crises and to maintain peace and stability by means of cooperative
security. The Charter will be endowed with the appropriate decision-making
mechanisms reinforcing the existing institutional framework. Ministers
and Senior Officials will meet at regular intervals or whenever
special situations or events warrant. All decisions will be taken
12. Ministers felt that the "Guidelines"
were a major step forward and decided that they will provide the
basis for the future work of Senior Officials. Additional suggestions
to enrich the text further may be submitted within the next three
months. Ministers tasked the Group of Senior Officials to work out
a comprehensive schedule and to convene additional ad hoc meetings
in order to complete the elaboration of the Charter with the assistance
of experts where necessary by the next Ministerial conference. In
the interim period a progress report will be prepared for the consideration
of Ministers. The Charter will be approved formally by Ministers
as soon as political circumstances allow.
13. Ministers reviewed and noted the progress
so far achieved in developing partnership-building measures, including
the project of establishing a Euro-Med system of disaster prevention,
mitigation and management. They welcomed the continuing initiatives
relating to the exchange of information on the signature/ratification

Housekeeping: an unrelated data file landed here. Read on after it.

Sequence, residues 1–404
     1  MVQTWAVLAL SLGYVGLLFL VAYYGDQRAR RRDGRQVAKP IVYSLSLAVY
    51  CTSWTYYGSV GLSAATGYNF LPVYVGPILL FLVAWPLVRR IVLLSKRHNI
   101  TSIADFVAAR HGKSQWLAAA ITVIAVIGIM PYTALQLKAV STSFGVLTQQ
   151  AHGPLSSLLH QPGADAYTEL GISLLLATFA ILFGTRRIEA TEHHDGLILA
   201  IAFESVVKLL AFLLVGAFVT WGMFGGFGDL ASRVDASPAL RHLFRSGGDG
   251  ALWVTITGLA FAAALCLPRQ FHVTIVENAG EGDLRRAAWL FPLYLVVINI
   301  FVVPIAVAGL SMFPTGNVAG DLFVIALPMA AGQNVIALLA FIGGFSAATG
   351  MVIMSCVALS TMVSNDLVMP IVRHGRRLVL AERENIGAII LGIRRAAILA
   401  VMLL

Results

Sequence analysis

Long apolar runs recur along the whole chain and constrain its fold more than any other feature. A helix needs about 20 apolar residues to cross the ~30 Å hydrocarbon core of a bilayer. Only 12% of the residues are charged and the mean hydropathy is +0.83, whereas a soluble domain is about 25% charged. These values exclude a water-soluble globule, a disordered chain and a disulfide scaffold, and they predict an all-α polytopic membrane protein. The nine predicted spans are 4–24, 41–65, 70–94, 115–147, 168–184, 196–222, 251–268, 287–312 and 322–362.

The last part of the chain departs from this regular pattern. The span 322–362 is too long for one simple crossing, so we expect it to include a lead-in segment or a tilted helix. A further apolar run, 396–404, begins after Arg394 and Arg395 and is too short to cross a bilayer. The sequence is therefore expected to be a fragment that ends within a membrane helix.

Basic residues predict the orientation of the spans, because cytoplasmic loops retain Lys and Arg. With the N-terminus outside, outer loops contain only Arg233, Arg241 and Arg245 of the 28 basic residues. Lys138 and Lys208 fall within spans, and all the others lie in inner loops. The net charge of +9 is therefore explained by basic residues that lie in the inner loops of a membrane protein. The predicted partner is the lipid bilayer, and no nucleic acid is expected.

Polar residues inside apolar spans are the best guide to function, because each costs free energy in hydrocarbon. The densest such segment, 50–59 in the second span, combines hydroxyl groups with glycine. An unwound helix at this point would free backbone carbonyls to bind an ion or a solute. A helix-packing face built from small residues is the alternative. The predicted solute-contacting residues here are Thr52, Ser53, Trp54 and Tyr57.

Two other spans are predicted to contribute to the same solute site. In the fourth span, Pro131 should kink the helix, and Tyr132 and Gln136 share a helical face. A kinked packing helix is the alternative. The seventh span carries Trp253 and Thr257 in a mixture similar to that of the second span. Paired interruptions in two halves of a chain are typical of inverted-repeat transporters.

of international instruments in the fields of disarmament and arms
control, terrorism, human rights, and international humanitarian
law; they noted the successful holding of Euro-Mediterranean information
and training seminars for diplomats aiming at the shaping of a culture
of dialogue and cooperation through informal exchange and open discussions
between practitioners involved in the implementation of the Partnership.
14. Ministers acknowledged the difficulties which
prevail and agreed to sustain and develop these measures as well
as identify and explore new areas of cooperation; in that respect
they noted the holding of the informal EuroMeSCo-Senior Officials
seminar on "Euro-Mediterranean Security Dialogue" in Bonn
on 20 March 1999 which aimed at enhancing dialogue and an exchange
of ideas between academics and government officials from both sides
of the Mediterranean.
15. Ministers agreed to reinforce the political
dialogue in areas of cooperation relating to the Political and Security
Partnership such as terrorism; in that regard they noted with satisfaction
the positive outcome of the informal Ad Hoc Meeting on Terrorism